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Efficient conversion of biomass into lipids by using the simultaneous saccharification and enhanced lipid production process

Gong, Zhiwei, Shen, Hongwei, Wang, Qian, Yang, Xiaobing, Xie, Haibo, Zhao, Zongbao K
Biotechnology for biofuels 2013 v.6 no.1 pp. 253
bacterial contamination, biomass production, biosynthesis, carbon, cellulose, cellulosic materials, commercialization, corn stover, energy, enzymes, feedstocks, glucose, hemicellulose, hydrolysates, hydrolysis, ionic liquids, lipid content, lipids, microorganisms, nutrients, saccharification, xylose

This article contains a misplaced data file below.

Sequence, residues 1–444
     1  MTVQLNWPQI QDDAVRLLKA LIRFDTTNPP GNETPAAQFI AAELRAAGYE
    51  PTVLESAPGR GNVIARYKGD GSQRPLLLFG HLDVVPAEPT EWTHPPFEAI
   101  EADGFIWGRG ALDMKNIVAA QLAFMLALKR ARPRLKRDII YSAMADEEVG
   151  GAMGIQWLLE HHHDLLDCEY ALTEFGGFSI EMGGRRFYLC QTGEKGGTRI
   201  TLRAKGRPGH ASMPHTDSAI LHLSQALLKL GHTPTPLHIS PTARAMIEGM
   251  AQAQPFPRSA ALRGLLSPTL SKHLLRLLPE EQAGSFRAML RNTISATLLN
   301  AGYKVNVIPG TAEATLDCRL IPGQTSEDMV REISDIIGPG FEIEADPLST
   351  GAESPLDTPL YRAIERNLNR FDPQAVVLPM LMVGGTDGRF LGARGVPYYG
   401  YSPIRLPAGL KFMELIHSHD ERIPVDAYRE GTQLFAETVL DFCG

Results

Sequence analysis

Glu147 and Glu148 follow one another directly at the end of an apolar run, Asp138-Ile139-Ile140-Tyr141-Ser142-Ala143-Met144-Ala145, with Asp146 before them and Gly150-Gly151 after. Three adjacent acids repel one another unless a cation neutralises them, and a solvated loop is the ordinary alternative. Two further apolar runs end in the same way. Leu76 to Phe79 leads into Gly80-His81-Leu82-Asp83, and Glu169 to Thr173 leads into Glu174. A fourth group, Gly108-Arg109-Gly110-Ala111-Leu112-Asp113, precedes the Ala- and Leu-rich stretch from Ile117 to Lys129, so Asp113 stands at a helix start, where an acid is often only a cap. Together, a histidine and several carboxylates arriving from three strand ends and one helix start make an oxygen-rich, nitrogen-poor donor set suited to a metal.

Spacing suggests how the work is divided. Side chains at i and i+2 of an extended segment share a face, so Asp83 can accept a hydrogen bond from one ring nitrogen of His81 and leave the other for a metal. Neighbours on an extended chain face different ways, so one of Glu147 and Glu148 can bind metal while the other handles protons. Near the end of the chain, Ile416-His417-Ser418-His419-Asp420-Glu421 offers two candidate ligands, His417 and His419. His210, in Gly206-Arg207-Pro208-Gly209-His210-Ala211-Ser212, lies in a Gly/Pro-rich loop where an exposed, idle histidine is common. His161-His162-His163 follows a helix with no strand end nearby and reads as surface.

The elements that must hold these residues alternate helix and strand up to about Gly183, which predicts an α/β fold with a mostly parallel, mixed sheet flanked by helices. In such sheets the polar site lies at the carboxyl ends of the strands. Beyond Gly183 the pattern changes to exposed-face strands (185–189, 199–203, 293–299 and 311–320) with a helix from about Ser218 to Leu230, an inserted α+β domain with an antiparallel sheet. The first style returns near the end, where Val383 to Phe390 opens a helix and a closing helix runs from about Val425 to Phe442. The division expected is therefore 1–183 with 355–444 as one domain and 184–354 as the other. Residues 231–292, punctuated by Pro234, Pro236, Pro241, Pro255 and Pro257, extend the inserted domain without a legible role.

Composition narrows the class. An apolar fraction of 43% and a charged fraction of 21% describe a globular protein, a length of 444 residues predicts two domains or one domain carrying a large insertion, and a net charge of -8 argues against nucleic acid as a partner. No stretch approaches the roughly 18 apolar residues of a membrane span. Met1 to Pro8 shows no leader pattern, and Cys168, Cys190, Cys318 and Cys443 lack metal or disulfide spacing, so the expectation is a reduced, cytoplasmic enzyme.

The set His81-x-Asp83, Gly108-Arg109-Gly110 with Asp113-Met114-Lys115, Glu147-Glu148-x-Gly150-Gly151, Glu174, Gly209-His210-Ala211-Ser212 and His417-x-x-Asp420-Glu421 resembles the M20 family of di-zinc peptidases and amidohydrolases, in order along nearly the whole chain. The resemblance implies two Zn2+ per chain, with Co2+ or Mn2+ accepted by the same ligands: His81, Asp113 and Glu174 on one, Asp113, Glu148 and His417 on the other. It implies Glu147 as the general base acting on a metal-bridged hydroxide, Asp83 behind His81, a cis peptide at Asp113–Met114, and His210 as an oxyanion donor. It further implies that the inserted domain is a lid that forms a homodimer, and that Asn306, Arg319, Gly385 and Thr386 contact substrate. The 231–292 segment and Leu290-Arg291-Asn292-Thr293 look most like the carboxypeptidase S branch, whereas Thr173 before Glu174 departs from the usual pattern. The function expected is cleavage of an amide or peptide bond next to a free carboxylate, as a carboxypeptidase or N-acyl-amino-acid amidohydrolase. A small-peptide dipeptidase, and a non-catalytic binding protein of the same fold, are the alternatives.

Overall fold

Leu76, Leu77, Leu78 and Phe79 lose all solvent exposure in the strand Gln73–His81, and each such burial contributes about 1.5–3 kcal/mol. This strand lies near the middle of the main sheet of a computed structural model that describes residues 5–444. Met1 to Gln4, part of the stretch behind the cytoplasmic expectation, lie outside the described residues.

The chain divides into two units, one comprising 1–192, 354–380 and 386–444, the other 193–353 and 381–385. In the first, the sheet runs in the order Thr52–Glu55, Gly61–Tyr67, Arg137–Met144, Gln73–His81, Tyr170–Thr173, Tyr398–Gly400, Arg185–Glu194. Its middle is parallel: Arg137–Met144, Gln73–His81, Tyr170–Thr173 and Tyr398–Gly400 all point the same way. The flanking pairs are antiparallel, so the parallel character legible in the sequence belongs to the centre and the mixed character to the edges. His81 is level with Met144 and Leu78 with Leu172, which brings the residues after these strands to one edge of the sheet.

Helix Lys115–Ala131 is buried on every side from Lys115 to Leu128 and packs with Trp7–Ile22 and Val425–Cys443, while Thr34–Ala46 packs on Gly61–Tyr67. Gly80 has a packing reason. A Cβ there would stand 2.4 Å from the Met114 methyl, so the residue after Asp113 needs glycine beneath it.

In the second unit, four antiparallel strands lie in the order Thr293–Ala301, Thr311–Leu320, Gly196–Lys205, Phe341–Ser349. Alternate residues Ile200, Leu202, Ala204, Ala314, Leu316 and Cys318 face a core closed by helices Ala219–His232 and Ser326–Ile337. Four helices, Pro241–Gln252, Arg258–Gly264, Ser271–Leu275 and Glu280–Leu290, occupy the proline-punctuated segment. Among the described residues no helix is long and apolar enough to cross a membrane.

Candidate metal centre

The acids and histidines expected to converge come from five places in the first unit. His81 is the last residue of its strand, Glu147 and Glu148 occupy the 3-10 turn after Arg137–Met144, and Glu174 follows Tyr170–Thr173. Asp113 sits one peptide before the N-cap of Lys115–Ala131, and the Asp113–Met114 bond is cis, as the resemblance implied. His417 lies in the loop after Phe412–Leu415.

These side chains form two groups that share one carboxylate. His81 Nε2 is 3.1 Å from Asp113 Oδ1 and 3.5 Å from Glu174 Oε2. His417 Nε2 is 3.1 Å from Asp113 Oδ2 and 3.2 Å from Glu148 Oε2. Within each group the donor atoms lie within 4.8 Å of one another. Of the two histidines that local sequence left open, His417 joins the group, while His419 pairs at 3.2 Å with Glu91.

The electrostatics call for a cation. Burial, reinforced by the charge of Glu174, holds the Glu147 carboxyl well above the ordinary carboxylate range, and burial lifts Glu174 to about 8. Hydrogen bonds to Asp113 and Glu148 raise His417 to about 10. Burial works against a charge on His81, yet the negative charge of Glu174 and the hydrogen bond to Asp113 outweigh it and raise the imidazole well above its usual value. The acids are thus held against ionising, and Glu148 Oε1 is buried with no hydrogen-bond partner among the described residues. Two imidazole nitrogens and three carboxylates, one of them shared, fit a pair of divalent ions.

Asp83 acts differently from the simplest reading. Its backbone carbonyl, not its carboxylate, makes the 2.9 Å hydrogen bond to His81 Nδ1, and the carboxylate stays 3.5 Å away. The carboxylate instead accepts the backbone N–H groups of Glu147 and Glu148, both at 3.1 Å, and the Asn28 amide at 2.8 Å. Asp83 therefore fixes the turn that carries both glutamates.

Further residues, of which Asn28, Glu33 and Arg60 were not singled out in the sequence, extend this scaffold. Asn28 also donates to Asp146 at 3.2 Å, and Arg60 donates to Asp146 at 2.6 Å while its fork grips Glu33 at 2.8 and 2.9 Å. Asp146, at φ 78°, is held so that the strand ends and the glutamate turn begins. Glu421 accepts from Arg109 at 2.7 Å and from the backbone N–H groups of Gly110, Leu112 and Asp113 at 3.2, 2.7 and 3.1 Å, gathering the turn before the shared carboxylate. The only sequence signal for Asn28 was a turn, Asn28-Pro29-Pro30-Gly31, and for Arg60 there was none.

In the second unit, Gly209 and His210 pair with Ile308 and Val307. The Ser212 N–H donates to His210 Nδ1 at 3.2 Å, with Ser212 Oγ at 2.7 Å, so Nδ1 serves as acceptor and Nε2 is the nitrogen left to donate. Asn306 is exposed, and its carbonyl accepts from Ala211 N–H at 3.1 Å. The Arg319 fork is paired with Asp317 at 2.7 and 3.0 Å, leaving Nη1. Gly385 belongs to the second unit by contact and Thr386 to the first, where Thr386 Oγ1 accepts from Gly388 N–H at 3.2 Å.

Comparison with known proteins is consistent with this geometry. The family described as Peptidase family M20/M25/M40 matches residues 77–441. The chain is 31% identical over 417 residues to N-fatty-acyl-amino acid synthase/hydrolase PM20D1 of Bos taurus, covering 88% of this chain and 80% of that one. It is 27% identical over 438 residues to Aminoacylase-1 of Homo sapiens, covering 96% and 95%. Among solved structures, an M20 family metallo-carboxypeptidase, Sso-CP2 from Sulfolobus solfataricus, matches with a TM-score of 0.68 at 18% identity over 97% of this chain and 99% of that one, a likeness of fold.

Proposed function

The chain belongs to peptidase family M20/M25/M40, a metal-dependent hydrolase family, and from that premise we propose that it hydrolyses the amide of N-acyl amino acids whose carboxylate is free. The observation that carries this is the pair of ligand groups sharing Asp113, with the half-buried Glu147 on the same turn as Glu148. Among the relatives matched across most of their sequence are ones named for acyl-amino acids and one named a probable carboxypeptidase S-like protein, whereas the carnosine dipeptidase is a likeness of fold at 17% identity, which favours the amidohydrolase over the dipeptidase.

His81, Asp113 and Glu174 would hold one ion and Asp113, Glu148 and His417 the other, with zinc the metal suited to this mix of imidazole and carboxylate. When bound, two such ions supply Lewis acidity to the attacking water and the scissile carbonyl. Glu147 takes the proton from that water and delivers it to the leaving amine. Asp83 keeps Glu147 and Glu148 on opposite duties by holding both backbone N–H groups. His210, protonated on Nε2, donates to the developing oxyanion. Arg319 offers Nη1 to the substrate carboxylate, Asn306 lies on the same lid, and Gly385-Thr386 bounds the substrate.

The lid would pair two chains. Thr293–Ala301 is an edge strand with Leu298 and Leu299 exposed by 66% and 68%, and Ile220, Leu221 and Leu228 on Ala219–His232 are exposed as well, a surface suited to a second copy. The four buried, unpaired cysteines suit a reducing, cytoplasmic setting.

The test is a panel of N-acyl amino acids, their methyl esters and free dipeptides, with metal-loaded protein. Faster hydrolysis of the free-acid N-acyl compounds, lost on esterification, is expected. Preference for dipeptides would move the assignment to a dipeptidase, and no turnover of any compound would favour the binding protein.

BACKGROUND: Microbial lipid production by using lignocellulosic biomass as the feedstock holds a great promise for biodiesel production and biorefinery. This usually involves hydrolysis of biomass into sugar-rich hydrolysates, which are then used by oleaginous microorganisms as the carbon and energy sources to produce lipids. However, the costs of microbial lipids remain prohibitively high for commercialization. More efficient and integrated processes are pivotal for better techno-economics of microbial lipid technology. RESULTS: Here we describe the simultaneous saccharification and enhanced lipid production (SSELP) process that is highly advantageous in terms of converting cellulosic materials into lipids, as it integrates cellulose biomass hydrolysis and lipid biosynthesis. Specifically, Cryptococcus curvatus cells prepared in a nutrient-rich medium were inoculated at high dosage for lipid production in biomass suspension in the presence of hydrolytic enzymes without auxiliary nutrients. When cellulose was loaded at 32.3 g/L, cellulose conversion, cell mass, lipid content and lipid coefficient reached 98.5%, 12.4 g/L, 59.9% and 204 mg/g, respectively. Lipid yields of the SSELP process were higher than those obtained by using the conventional process where cellulose was hydrolyzed separately. When ionic liquid pretreated corn stover was used, both cellulose and hemicellulose were consumed simultaneously. No xylose was accumulated over time, indicating that glucose effect was circumvented. The lipid yield reached 112 mg/g regenerated corn stover. This process could be performed without sterilization because of the absence of auxiliary nutrients for bacterial contamination. CONCLUSIONS: The SSELP process facilitates direct conversion of both cellulose and hemicellulose of lignocellulosic materials into microbial lipids. It greatly reduces time and capital costs while improves lipid coefficient. Optimization of the SSELP process at different levels should further improve the efficiency of microbial lipid technology, which in turn, promote the biotechnological production of fatty acid-derived products from lignocellulosic biomass.